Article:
Given that Jensen devotes over 25 pages of his original article to a discussion of the heritability of IQ, and, as we noted above, that the heritability of IQ constitutes the only positive evidence in favor of Jensen's hypothesis that genetic factors are strongly implicated in the IQ differential between races, this rejoinder seems disingenuous. Not surprisingly,

Jensen continues in a manner that reveals he does indeed believe that the inference from the high heritability of to IQ the genetic hypothesis is valid. We will quote his argument at length:

But let us further consider Lewontin's statement that heritability. ..within populations is irrelevant to the question of genetic differences between

populations. Theoretically, this is true: It is possible to have genetic differences within populations and no genetic differences between

populations which differ phenotypical ly; conversely, it is possible to have zero heritability within populations and complete genetic determination of the mean difference between populations. Therefore, heritability coefficients obtained within populations, no matter how high, cannot prove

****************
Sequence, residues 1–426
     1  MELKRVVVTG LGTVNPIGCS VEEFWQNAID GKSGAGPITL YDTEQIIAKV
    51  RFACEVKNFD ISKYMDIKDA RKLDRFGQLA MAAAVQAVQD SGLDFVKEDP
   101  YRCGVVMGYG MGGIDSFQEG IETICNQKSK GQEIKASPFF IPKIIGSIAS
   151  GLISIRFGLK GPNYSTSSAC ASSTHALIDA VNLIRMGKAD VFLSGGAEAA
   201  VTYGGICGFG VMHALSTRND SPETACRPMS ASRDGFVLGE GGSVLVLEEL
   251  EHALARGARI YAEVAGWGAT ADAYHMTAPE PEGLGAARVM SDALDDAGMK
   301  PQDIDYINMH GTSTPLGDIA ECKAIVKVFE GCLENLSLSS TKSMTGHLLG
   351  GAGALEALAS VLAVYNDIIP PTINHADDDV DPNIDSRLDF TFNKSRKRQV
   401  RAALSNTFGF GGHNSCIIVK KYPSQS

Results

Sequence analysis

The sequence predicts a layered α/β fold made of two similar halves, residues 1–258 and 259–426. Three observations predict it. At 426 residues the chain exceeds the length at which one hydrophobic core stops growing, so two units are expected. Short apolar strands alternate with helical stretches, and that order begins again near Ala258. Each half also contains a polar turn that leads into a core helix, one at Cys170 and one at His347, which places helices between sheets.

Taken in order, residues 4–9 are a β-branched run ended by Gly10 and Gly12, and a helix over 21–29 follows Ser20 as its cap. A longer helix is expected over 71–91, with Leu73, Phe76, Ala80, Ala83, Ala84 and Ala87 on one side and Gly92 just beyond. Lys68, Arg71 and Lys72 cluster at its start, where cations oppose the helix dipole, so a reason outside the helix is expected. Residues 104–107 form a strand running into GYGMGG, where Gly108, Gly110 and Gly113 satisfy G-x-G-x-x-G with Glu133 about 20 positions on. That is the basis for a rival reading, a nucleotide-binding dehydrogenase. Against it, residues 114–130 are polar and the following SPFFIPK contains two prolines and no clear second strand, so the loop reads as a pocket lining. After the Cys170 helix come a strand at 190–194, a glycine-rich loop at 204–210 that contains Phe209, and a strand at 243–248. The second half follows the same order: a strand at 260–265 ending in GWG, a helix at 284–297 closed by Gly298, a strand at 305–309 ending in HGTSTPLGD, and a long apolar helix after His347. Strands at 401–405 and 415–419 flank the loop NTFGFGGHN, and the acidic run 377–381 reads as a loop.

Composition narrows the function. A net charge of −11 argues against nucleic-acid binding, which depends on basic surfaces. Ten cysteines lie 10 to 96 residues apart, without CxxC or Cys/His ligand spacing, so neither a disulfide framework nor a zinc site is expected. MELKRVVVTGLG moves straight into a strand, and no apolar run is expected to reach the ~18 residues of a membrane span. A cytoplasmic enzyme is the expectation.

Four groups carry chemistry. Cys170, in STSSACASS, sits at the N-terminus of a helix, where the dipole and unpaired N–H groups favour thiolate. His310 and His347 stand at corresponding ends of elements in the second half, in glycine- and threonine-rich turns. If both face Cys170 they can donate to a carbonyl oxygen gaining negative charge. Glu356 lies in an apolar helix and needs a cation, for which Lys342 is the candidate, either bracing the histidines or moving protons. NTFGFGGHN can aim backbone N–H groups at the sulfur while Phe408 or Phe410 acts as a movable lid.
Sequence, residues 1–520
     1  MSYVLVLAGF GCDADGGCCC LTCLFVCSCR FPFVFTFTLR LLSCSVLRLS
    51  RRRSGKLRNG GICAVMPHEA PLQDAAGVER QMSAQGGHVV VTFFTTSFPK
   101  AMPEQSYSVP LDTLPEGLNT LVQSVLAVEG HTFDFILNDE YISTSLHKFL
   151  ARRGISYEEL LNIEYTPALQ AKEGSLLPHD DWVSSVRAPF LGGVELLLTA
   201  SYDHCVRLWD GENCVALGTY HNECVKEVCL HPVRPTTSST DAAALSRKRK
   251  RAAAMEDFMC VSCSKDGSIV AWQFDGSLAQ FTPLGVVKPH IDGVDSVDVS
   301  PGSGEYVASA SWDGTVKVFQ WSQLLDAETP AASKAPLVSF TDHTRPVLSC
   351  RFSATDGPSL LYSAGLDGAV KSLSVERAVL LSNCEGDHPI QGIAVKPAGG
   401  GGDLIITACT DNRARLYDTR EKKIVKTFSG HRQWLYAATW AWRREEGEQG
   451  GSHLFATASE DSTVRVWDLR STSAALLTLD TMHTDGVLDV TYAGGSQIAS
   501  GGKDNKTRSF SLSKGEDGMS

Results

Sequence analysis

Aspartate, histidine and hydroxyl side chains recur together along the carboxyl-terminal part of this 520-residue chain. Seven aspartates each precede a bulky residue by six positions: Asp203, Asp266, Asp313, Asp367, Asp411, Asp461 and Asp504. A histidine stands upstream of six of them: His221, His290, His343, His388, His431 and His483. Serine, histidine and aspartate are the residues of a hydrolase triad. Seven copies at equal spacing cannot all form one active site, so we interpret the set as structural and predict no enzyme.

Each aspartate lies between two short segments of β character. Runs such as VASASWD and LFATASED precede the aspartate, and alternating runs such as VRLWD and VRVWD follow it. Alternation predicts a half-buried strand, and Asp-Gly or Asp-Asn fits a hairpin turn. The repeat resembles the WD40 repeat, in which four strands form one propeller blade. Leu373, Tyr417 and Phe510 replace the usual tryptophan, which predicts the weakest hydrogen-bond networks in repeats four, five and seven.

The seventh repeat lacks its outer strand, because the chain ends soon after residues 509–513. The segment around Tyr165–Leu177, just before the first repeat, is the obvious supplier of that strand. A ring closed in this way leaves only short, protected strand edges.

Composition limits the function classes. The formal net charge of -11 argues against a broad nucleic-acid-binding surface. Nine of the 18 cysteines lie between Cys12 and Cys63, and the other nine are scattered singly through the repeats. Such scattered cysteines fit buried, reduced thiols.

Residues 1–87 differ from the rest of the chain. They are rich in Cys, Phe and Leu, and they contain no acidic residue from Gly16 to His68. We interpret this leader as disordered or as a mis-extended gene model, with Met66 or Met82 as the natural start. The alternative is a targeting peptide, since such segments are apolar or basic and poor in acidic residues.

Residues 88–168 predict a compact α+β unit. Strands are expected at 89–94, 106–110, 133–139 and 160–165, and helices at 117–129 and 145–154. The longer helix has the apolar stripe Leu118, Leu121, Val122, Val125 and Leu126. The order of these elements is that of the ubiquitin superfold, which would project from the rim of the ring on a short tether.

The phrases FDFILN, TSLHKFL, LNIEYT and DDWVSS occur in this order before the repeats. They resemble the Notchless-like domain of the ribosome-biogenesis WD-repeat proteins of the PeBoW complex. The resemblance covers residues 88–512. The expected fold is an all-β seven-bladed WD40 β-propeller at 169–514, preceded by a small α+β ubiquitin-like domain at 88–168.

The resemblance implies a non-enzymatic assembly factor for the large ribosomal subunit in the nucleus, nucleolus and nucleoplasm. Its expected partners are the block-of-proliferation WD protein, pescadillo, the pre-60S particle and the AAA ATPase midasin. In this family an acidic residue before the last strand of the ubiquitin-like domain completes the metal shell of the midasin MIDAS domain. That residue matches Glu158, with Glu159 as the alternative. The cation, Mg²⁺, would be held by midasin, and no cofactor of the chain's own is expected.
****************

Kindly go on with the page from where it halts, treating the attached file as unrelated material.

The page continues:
the existence of a genetic difference between populations. ..But it is necessary to distinguish between the possible and the probable, and between proof in the sense of mathematical tautology and the probabilistic statements that result from hypothesis testing in empirical science. The real

question is not whether a heritability estimate, by its mathematical logic, can prove the existence of a genetic difference between two groups, but

whether there is any probabilistic connection between the magnitude of the heritability and the magnitude of group differences. Given two populations (A and B) whose means on a particular characteristic differ by x amount, and

heritability 2 2 of the characteristic in of the given the ( hA and h B ) each two populations, the probability that the two populations differ from one another

genotypically as well as phenotypically is some monotonically increasing 2 2 1 03-1 function of the magnitudes of h A and h B (1 970, 04).

Jensen then offers an example:

Would Lewontin maintain, for example, that there would be no difference 2 in the probability that two groups differ genetically where h for the trait in 2 question is 0.9 in each group as against the case where h is 0. 1 ? Pygmies average under five feet in height; the Watusis average over six feet. The fact that the heritability of physical stature is close to 0.9 does not prove that all